THEN-Gov. Dick Thornburgh of Pennsylvania was only 18 months away from being appointed U.S. attorney general when that state's treasurer, R. Budd Dwyer, stood before a packed press conference, placed a gun in his mouth and blew his brains out.
Just before Dwyer committed suicide, he accused Thornburgh of orchestrating a political vendetta against him. He noted that he publicly had refused to approve expense vouchers for Thornburgh's wife for a European trip, and also had questioned Thornburgh's use of state troopers to chauffeur the governor's children to prep school in Massachusetts.
Thornburgh spokesman David Runkel contemptuously dismissed both allegations as those of a ``paranoiac.''
This is the same Runkel who recently flunked a lie-detector test during a Department of Justice investigation of phony leaks to the media about an investigation of Rep. William Gray III, D-Pa.
Somebody in Thornburgh's Justice Department also has been leaking grand-jury information about Washington, D.C., Mayor Marion Barry. The Washington media repeatedly has published grand-jury information before it was officially released by the justice department. Leaking confidential grand-jury information is illegal, and Thornburgh has been curiously silent about these violations of the law.
Those of us who are long-time Thornburgh watchers are feeling an acute sense of deja-vu. As far back as the '70s, political opponents were frequently accusing then-U.S. Attorney Thornburgh of responsibility for grand-jury leaks.
So, it came as no surprise when conservative columnist William Safire recently held Thornburgh accountable for approving ``the sleaziest entrapment yet perpetrated on a suspect.'' Safire also accused Thornburgh of a prosecutorial double standard in using entrapment to nail Barry for alleged cocaine use, but declining to prosecute a former close aide of two decades, William Barr. He was accused in testimony before a Harrisburg, Pa., grand jury of frequent cocaine use. Barr has resigned.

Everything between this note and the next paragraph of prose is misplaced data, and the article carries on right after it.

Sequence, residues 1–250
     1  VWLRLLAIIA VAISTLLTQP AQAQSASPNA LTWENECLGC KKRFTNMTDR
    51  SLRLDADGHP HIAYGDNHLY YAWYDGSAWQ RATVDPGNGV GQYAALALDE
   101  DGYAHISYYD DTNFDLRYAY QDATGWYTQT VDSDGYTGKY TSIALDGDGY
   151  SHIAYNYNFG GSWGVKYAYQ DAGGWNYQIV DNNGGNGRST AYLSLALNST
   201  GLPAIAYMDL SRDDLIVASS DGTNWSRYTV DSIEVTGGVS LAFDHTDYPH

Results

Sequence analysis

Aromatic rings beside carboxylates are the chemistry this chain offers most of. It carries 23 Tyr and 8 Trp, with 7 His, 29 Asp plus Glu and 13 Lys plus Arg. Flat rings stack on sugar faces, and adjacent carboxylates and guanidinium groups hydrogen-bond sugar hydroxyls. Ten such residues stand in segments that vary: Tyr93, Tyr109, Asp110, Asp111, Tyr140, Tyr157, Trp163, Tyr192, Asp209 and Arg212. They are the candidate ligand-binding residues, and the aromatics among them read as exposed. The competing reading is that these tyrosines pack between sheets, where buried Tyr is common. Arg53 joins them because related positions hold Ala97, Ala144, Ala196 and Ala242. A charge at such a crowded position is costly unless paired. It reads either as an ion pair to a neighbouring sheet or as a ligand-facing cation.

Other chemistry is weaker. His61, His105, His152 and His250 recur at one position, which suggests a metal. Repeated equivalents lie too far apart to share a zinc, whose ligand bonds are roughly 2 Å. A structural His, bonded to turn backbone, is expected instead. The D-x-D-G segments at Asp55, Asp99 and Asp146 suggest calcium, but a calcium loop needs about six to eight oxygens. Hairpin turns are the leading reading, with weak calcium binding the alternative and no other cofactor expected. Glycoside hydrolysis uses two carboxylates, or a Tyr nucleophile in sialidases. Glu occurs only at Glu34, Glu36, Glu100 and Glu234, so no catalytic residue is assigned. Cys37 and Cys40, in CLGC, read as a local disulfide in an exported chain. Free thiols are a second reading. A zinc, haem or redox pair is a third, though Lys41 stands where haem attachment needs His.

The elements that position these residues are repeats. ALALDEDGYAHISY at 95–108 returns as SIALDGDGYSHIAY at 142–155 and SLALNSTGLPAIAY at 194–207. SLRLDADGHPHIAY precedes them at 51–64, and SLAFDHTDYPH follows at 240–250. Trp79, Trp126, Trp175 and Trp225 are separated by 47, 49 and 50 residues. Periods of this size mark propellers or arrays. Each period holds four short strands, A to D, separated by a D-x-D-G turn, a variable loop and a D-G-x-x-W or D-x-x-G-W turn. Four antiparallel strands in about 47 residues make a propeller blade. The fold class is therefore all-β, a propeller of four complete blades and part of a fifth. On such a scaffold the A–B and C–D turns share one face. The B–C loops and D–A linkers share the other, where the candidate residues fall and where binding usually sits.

``If the attorney general chooses to be a zealot in the Barry cocaine case,'' wrote Safire, ``he cannot choose to be an ostrich in the cocaine case that may involve his right-hand man.''
Oh, but he can, because that's the way the insidiously manipulative and connivingly amoral Thornburgh operates. Yet, he has managed to arm himself with a Teflon image of Mr. Clean.
In 1975, when Thornburgh was being considered for assistant U.S. attorney general, Alleghany (Va.) Sheriff Eugene Coon testified before a Senate Judiciary committee that Thornburgh was responsible for illegal disclosure of grand-jury information about Coon. That same year, the Alleghany district attorney accused Thornburgh of ``improper conduct'' in apparently condoning a leak of grand-jury information.
So, what seems, at first blush, like a series of isolated incidents actually reflects a pattern. And the Bill Gray affair is the latest recrudescence of Thornburgh's cesspool politics.
But why Bill Gray? Thornburgh may have figured he was doing his party a favor in going after the third-ranking Democrat in the House, especially one from Thornburgh's home state. Ironically, both men are cut from the same venomously ambitious cloth.
One day, Thornburgh will cause President Bush acute embarrassment. Whether playing racial politics with appointments, reviving a Comstockery crusade against obscenity, or presiding over leaked grand-jury information, Dick Thornburgh could well be one of the albatrosses that leads to Bush's defeat in 1992.
Why else do you think Bush's ideological comrade in arms, William Safire, is so upset with Thornburgh?
(Copyright 1990, Newspaper Enterprise Association).